Security includes the AES-256-GCM cipher for encryption, as well as the SHA2-384 for integrity. IKEv2 also supports Perfect Forward Secrecy, using 3072-bit Diffie Hellman keys. 

IKEv2 excels at re-establishing connections after temporary loss and has great support across all operating systems, smartphones, routers, and connected homeware. It also supports the MOBIKE protocol which makes the VPN connection more adaptable to changing networks such as changing from wireless to cellular connection. 

As well as offering adaptability and connection-loss support, IKEv2 provides fast data-transfer which translates well into everyday use, gaming, and streaming.  

Limited to UDP port 500, IKEv2 is limited to firewall and network administration blocks.  

WireGuard

A relative newcomer to VPN protocols, WireGuard is still in a relatively nascent stage of development but has shown potential to be the best of all world. With faster speeds and fewer overheads due to the smaller and simpler codebase and comparative security in comparison to the other options available, WireGuard looks to be a protocol for the future.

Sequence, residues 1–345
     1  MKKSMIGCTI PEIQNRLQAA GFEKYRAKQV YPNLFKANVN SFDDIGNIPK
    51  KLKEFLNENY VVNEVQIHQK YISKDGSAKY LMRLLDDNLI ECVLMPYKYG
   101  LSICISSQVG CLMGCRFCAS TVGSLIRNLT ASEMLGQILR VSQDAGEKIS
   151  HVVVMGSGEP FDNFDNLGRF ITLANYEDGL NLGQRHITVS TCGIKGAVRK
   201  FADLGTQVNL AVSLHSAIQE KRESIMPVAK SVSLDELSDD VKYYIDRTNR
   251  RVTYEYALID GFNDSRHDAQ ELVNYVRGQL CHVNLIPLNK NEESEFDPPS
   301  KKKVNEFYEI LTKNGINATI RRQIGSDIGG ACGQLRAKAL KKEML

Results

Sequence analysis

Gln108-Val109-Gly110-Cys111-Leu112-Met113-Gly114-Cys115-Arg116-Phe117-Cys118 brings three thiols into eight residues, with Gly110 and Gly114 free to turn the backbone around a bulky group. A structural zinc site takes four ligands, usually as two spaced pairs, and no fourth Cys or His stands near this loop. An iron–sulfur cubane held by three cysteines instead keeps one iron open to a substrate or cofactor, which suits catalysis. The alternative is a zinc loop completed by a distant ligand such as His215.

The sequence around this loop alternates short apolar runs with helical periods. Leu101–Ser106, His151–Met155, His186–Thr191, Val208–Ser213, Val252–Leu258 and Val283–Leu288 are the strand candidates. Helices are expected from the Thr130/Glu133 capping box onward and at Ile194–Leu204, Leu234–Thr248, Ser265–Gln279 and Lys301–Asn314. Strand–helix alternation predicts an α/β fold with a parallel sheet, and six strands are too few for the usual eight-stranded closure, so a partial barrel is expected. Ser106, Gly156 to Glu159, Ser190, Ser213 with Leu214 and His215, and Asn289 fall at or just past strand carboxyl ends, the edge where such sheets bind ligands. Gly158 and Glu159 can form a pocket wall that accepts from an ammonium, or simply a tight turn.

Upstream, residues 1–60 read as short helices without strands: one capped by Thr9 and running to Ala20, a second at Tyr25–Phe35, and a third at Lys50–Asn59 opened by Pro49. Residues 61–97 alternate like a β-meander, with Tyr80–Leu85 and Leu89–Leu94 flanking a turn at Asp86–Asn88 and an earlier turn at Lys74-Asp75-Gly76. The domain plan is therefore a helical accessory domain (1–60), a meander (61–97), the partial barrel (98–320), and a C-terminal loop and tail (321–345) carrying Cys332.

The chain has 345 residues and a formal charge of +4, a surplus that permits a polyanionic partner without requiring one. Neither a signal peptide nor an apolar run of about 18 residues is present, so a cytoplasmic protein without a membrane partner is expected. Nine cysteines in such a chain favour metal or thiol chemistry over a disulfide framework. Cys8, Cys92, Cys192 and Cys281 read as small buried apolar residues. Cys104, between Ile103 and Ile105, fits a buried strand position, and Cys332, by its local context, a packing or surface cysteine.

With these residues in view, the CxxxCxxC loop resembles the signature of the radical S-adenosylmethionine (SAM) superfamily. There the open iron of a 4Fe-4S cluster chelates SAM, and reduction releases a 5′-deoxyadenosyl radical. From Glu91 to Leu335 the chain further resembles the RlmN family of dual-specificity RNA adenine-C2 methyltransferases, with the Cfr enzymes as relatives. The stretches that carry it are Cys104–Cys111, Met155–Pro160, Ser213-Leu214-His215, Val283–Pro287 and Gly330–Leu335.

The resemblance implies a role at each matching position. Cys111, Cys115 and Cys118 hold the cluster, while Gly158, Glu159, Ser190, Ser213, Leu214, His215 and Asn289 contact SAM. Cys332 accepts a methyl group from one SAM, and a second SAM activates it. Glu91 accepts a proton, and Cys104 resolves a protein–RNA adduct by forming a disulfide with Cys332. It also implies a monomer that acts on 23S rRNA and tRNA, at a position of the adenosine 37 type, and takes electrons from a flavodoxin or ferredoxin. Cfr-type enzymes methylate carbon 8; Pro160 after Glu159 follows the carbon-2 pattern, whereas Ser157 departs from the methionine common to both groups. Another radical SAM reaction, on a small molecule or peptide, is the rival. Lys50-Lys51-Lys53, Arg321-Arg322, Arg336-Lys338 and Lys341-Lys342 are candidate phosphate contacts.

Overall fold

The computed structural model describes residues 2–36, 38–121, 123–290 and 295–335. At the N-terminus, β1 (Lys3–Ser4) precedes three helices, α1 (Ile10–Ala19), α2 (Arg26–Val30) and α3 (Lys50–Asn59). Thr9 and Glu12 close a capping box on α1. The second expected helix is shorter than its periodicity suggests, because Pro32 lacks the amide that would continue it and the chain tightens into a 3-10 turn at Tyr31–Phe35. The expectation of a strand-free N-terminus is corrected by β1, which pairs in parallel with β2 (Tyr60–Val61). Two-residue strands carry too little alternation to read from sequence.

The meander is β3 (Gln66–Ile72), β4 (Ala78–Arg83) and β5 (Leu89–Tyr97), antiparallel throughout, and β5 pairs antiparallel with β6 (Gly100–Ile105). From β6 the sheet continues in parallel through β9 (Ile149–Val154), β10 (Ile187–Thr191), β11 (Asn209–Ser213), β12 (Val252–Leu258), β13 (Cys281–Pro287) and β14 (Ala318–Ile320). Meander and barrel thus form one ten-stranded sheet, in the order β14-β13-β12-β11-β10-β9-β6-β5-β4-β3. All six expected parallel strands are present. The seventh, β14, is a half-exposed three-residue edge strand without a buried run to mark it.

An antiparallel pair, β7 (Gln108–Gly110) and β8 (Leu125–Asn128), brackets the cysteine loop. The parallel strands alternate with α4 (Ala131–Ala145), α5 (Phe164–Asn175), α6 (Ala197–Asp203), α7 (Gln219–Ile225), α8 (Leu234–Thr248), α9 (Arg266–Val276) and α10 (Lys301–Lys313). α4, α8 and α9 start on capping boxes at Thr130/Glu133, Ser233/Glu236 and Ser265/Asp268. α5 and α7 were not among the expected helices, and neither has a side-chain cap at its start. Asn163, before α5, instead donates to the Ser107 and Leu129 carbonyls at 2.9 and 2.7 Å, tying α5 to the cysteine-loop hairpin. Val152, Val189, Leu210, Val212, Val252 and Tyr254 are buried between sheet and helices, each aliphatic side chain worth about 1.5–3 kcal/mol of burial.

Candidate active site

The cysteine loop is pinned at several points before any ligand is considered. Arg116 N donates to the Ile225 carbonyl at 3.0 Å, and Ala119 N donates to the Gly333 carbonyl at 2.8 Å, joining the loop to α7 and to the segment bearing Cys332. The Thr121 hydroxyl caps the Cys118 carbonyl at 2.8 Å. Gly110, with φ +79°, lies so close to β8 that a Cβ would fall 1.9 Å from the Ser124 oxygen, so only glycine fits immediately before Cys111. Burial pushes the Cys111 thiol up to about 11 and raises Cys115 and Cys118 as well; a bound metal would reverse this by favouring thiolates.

Several VPNs including Mullvad and NordVPN have been early adopters with the latter including it as part of their NordLynx technology. However, some providers are still somewhat hesitant to incorporate it into their service with concerns regarding stability and limited available testing.  

Lightway

Although not nearly as popular or as well-established as the other entrants to this list, we thought we should include the ExpressVPN developed protocol Lightway

With similarities to WireGuard in terms of speeds, lines of code, and overheads, Lightway looks to be an excellent addition to ExpressVPNs arsenal.  Still, in a beta-stage, Lightways core library will soon be open source, adding to the fundamental security of the protocol, and will definitely be interesting to see how it progresses.